Earlier this year we reviewed a free to play game called Baseball Boy by the developer Voodoo. An arcade styled home run sort of game where you whack a ball and try and hit it as far as you can. As you gain distance, you earn coins. With those coins you can upgrade your bat and power to hit further distances and get more money for upgrades. We did not have positive things to say about the bare-bones, ad-heavy experience and you can read our full review here.
This review is for version 1.3.3.
Why am I talking about Baseball Boy when this review is for a game called Soccer Kick? Well, this is Baseball Boy but with a football/soccer theme instead and it’s also by Voodoo. Coincidentally arriving during the World Cup.
You can’t blame developers and publishers from trying to take advantage of the biggest football event in the world. However, in this case Voodoo should be ashamed of themselves as Soccer Kick is the most grabbiest cash grab attempt we’ve seen since…well, Baseball Boy!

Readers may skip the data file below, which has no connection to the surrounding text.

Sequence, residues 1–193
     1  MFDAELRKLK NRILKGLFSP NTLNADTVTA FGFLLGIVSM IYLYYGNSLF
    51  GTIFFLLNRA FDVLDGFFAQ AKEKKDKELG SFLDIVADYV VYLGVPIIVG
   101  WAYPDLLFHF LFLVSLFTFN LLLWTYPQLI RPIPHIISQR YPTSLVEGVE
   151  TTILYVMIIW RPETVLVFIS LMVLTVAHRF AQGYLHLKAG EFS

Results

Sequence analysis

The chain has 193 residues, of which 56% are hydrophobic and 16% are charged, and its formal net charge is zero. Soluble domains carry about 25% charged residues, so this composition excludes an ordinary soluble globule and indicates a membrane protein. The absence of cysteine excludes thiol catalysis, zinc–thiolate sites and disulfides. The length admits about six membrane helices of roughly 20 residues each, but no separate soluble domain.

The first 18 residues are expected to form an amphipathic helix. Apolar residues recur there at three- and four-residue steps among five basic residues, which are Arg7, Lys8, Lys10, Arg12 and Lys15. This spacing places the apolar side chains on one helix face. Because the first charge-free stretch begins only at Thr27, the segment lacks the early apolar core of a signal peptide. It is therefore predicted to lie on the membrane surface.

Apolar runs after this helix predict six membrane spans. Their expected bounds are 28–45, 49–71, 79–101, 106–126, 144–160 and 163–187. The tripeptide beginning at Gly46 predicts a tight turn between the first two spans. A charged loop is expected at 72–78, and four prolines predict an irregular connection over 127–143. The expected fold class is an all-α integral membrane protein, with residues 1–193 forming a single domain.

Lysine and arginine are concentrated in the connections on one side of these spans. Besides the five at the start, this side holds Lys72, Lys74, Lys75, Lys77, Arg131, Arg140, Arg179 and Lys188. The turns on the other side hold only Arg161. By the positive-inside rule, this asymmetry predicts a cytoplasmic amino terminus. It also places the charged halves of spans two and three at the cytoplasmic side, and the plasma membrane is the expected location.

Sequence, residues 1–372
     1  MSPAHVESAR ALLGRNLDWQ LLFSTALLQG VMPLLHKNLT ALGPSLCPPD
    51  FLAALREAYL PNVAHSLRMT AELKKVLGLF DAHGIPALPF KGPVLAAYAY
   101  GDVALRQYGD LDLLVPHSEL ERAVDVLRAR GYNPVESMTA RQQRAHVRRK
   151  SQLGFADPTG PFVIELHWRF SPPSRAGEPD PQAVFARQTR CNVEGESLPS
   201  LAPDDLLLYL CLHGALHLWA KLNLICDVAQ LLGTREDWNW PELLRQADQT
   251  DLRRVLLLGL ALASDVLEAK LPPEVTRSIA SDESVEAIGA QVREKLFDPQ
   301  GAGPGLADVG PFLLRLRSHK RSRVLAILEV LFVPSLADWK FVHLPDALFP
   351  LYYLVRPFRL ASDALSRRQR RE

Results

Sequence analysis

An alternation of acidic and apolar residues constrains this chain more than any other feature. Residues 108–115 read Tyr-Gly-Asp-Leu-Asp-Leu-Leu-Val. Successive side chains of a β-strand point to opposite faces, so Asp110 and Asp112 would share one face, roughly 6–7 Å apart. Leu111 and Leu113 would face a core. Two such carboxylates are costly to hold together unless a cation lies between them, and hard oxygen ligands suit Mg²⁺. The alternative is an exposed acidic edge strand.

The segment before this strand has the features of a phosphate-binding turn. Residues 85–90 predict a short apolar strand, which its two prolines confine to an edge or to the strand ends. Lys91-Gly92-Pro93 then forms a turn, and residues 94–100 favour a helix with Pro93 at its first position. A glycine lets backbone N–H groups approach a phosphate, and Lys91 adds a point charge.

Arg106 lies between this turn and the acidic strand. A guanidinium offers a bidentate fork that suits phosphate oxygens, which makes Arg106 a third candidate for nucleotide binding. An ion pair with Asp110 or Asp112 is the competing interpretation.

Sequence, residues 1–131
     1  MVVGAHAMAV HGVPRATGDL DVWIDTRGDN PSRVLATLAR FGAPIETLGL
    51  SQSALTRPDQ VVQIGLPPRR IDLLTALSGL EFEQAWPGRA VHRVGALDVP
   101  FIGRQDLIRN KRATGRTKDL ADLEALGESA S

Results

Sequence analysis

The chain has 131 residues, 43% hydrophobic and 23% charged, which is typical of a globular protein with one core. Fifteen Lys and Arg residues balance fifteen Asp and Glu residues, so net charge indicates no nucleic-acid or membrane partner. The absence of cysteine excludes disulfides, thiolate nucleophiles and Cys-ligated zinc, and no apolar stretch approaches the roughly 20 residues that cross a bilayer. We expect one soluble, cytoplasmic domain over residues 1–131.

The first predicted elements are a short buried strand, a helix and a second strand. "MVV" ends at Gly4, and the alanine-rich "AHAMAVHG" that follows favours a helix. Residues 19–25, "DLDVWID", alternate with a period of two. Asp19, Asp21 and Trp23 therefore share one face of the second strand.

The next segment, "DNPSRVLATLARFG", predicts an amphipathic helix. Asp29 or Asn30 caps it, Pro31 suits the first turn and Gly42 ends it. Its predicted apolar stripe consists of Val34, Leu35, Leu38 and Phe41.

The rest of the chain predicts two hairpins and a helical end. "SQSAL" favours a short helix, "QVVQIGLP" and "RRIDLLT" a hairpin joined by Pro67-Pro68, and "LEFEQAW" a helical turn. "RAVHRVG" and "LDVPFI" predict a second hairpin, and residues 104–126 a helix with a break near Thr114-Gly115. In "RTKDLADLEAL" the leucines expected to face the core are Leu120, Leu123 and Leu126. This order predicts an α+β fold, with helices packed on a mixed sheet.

Maybe watching ads is how you get your gaming kicks. If so Soccer Kick is perfect for you as the game throws one your way every 30 seconds or less. That’s not hyperbole, I’m serious. After almost every attempt of kicking the ball is followed by an ad.
Gameplay is very basic. Kick the ball by stopping the arrow in a direction and see how far you can get it. You can move the ball slightly in the air to avoid buildings and obstacles as well as giving it a few bounces as it lands to get that little extra movement.
Earn coins that can then be spent on upgrading your power, bounce and offline earnings. Upgrade these to get further and further each time. Countries in the World Cup are represented visually (sort of) and entering each new one also increases your base stats. Should you manage to score a goal by landing the ball in one of the many nets you’ll double your coin count. However, you can always triple that amount by…you guessed it, watching an ad.
There is nothing else to Soccer Kick. No music, basic sound effects, no unlocks and no extra modes. It’s ugly to look at and the longer you play in one sitting, the more it begins to suffer from lag until it eventually crashes.
While it is initially addictive, the absolute assault of ads will turn everyone off. You’re left with two options. Pay an outrageous asking price for the removal of ads (£2.99) or delete it and forget you ever played it. I suggest the latter.